On 1 July, new laws come into effect with the aim of protecting individuals’ retirement savings from erosion by fees and insurance charges.
When women are retiring with on average half the superannuation of men, Women in Super is certainly supportive of measures to protect women’s account balances from erosion. However, we believe hurried implementation due to the short timeframe for the introduction of these changes (the legislation for ‘Protecting Your Super’ was only passed in February) may see many lose insurance cover that they have held through their super account where this is not in their best interests.
Funds have tried to contact all affected members by multiple communication channels however reported response rates of around 6 per cent indicate that many may not have read or understood that their insurance is at risk. Funds have no time to implement follow up communication strategies and high levels of member calls within a very short timeframe has, at times, challenged the capacity of some fund call centres.
A member who loses their insurance cover may not be able to replicate that cover in the future.
Whilst WIS was pleased that the Government extended to sixteen months the timeframe that defines ‘inactivity’ and broadened the number of account activities that contribute to an account being deemed ‘active’, we are still very concerned that many women may be detrimentally affected.
There is a myriad of reasons why a member might not register any activity for 16 months or longer. Women (and men) on extended parental leave are an obvious example. Super is not paid on the government paid parental leave scheme and not all employers pay their employees super while they are on parental leave. So, any parent taking extended leave should be concerned if they do not receive super and do not pay themselves super by way of a voluntary contribution or by receiving a super co-contribution payment from a working partner. Concerned because if their super account is deemed to be inactive for 16 months, they will automatically have their insurance cover (if held through super) cancelled.
Importantly, if the member fails to respond to fund communications, as mentioned earlier, the account is automatically transferred to the ATO and/or insurance coverage is automatically ceased.
Women’s caring responsibilities and time out of the workforce mean that they are more likely to be affected by the legislation and have periods where they are uninsured. for longer periods than men and any interruptions in earnings could see them fall in and out of coverage.
WIS has long called for gender analysis of the impact of superannuation policy changes. Unfortunately without this type of analysis and a good lead time for implementation we are somewhat in the dark regarding unintended consequences of the legislation.
WIS as the organiser of the Mother’s Day Classic, an annual fun walk/run to raise funds for breast cancer awareness, is acutely aware that cancer, like all other diseases, does not discriminate. Unfortunately, many young women fall prey to breast cancer and many of these have young families.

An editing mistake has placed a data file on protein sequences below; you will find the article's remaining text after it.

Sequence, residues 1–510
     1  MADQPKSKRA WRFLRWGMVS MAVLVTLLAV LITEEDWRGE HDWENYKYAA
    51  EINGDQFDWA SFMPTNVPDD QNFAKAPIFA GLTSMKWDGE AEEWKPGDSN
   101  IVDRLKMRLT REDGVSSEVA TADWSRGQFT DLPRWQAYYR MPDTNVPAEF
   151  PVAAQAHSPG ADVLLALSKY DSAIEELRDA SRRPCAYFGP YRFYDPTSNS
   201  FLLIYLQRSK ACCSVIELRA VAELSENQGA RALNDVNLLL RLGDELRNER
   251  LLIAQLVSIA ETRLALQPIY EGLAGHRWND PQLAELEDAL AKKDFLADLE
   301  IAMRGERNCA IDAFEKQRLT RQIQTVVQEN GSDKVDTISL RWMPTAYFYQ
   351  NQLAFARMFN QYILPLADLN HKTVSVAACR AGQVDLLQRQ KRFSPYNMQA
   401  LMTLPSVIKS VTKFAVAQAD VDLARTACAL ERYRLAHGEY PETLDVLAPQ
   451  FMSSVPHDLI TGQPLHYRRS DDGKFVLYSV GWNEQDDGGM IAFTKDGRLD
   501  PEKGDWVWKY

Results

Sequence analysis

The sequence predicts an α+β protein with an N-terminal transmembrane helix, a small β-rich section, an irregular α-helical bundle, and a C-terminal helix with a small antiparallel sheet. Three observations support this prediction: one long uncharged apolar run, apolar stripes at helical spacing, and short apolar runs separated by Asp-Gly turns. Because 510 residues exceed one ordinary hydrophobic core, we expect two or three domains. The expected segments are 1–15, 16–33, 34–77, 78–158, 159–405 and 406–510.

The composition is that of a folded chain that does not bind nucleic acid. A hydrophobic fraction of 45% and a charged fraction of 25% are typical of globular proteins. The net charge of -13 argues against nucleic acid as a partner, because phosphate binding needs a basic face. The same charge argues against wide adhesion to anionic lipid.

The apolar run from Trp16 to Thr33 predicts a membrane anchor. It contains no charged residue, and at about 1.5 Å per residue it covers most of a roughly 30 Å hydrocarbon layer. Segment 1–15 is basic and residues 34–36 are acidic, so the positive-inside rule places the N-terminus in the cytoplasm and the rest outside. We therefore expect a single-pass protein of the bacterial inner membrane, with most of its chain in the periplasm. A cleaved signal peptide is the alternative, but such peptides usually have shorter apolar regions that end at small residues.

It would be a travesty if these women lost the ability to access life insurance due to a period of inactivity and failure to respond to fund correspondence and so lost insurance coverage. Perhaps because they were out of the workforce for periods of illness and treatment and were too overwhelmed to deal with paperwork.
The Protecting Your Super Package caps fees for members with low balances to 3 per cent. It also prevents trustees from charging exit fees on all superannuation products, regardless of a member’s account balance thereby removing a disincentive to account consolidation or rollovers by members.
These measures are welcome and WIS believes that as a matter of principle all superannuation fees, within MySuper and Choice products, should have an appropriate costing rationale and should be based on a cost recovery principle.
We would have liked to see the legislation extended to include fees associated with provision of account information in this cap. For example, fees can be charged by funds in divorce proceedings when a non-member spouse submits a request for superannuation information, as well as when a fund complies with a superannuation splitting order.
As part of its report, Small Claims, Large Battles – Achieving economic equality in the family law court system, Women’s Legal Services Victoria sought information from the top 42 of the largest APRA regulated superannuation funds according to the number of member accounts.
The average fee charged for processing requests for information was $52 and ranged from no fee to $187. The average fee for complying with super splitting orders was $64 and ranged from no fee to $492.
These fees can be substantial to low income earners and as superannuation is becoming the largest asset in many divorce proceedings, such fees act as a deterrent to spouses to pursue superannuation when the account balance is low or unknown.
So, what should members with an inactive account do?
Members should ensure they read any correspondence received from their superannuation fund and take action or seek advice.
Ideally, members would ensure that they consolidate accounts where multiple accounts are held but no longer required and/or take action to ‘top up’ their accounts.